Lead scoring rules for B2B marketing automation programs may differ across various lead management architectures. An attribute such as a lead’s company position may receive higher scoring in one program than in another. But most programs will include explicit and implicit lead scoring matrices. While explicit, or physical, scoring is critical to lead qualification, it is the implicit, or behavioral, scoring that can really determine how sales-ready a lead may be. And we’re not just talking about establishing a score for a single website visit; effective scoring also includes the level of a lead’s interest.
There are several implicit scoring considerations that should be included when developing a lead scoring system.
How did a lead find you? The path a lead takes to land on your site may reveal some attributes like buying authority and need. Internet searches generally indicate a greater urgency or interest; therefore, scoring for a website visit should reflect how a lead arrived at your site.
How many and which pages were viewed? Site engagement is an important lead scoring criteria. The pages a lead will visit can indicate the level of buying authority and purchase imminence. Also, the amount of time spent viewing your content can reveal buying authority or influence and timing.
Don’t forget about webinars as a variable in implicit lead scoring. When a lead attends your webinar, the score should reflect the deeper commitment to participate in your marketing efforts. This commitment may indicate buying authority, need, and timing. Time spent in attendance may reveal buying influence. A lead’s level of participation should also be used in your scoring metrics. Did she raise any questions? Those that ask questions are typically more interested than those that simply attend.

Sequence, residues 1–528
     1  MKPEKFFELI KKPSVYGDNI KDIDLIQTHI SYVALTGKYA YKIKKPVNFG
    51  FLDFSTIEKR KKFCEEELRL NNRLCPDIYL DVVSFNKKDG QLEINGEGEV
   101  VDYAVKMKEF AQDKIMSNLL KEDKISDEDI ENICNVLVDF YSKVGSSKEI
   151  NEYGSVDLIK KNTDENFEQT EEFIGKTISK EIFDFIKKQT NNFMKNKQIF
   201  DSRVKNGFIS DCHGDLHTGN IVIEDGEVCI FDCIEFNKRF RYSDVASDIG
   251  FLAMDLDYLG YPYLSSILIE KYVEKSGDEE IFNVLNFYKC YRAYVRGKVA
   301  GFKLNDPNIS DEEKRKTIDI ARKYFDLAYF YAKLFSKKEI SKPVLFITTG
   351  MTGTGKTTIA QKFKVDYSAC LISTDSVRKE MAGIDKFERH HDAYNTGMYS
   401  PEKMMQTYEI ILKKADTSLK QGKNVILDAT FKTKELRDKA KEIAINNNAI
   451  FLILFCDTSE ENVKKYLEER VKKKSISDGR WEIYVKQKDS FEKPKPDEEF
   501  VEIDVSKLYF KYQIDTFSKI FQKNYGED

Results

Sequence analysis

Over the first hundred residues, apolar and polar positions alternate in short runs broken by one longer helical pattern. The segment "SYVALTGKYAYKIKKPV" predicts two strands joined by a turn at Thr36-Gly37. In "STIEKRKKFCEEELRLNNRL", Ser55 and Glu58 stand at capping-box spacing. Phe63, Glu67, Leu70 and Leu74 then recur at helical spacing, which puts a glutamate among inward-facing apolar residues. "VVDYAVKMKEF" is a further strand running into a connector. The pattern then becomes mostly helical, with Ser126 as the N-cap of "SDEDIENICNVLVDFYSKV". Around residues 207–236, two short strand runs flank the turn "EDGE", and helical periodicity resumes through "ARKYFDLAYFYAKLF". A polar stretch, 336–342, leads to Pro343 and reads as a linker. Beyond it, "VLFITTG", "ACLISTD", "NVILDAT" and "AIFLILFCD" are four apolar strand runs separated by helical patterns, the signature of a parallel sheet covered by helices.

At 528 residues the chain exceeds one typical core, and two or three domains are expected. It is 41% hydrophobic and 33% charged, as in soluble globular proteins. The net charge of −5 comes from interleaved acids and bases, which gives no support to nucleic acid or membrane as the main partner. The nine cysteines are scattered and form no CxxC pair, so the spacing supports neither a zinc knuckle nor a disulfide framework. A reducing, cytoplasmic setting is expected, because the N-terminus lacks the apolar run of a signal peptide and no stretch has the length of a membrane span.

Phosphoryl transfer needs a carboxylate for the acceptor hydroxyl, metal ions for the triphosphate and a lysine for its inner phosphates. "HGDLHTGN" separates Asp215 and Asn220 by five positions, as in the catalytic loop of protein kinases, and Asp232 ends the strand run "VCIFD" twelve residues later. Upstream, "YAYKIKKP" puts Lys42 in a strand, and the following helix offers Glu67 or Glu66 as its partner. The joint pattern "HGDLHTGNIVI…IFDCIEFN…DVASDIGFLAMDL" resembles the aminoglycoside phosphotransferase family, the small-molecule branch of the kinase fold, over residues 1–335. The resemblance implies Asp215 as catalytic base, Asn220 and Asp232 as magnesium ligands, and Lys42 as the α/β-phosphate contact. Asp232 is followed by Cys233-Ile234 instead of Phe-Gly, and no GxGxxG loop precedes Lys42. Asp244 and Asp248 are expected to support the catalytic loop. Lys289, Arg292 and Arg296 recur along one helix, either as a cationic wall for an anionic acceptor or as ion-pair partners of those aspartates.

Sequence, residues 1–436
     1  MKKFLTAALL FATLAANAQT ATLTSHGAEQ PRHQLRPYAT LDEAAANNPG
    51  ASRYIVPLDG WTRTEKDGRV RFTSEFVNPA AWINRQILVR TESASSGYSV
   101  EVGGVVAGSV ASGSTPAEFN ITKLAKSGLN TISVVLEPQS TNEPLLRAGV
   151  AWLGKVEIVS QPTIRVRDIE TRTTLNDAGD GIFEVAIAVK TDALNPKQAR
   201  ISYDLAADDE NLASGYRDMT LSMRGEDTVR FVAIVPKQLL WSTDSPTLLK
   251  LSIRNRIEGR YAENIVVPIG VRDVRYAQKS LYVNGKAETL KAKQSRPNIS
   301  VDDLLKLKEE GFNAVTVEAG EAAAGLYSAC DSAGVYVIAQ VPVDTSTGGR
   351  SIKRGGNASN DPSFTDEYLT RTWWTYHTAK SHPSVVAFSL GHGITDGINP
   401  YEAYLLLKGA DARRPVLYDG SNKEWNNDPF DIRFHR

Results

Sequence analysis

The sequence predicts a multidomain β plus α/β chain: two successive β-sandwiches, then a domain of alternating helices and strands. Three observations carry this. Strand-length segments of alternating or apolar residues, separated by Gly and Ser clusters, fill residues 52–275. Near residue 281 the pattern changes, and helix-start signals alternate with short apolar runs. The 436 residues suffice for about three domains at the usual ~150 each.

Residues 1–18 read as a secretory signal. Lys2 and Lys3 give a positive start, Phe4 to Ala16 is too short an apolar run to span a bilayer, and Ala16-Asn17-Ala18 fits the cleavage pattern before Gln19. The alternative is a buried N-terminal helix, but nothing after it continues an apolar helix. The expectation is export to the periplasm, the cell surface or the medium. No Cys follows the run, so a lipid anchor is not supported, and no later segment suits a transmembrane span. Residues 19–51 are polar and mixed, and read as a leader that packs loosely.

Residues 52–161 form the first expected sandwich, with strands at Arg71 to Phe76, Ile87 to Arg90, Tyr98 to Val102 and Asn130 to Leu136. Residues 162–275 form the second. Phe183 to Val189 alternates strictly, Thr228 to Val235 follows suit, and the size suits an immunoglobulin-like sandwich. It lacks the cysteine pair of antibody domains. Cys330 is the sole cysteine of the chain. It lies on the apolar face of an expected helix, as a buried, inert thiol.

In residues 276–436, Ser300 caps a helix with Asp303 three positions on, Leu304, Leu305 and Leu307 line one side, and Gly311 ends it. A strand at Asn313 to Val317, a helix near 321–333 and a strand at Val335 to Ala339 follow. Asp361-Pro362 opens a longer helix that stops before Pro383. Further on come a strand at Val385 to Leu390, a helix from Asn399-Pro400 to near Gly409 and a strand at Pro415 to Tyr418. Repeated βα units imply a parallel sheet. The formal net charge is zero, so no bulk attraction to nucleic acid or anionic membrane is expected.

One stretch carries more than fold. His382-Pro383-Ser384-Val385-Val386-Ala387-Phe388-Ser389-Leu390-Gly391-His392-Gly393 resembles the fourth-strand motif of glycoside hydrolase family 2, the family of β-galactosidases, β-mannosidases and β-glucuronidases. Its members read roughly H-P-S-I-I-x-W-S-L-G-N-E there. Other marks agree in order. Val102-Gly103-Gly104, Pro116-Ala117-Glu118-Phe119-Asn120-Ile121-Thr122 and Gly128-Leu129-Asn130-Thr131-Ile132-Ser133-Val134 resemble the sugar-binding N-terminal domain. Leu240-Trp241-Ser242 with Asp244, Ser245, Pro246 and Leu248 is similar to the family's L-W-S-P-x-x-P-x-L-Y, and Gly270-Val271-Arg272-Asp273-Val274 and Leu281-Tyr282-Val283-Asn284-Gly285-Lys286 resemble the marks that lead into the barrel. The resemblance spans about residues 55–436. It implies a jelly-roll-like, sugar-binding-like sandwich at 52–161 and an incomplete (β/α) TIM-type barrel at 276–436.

Most automated lead scoring programs assign a score for content downloads. But not all download scoring is the same. For example, a lead who has downloaded free content should warrant a low to medium-level score, whereas a lead who pays for a download should receive a higher score.
It’s also important to score the type of content and the frequency of downloads by a lead. Has a lead requested a single white paper download or has he subscribed to a newsletter? Content download activity may reveal buying authority and need. It’s important to score the curious differently than the active buyers.
Email response is important as well, and scoring for this activity should include variations to reflect interest levels. Leads that open your email may all likely have a need for your solution. Their interest may be passive or active, but a lead who has opened a marketing email should be assigned a score that indicates an elevated level of interest. Click-through activity is also an important indicator that should be accounted for within an implicit score matrix. Leads that follow an embedded link may be close to sales-ready status.
If you would like to learn more about effective lead scoring, contact a Lead Liaison representative today!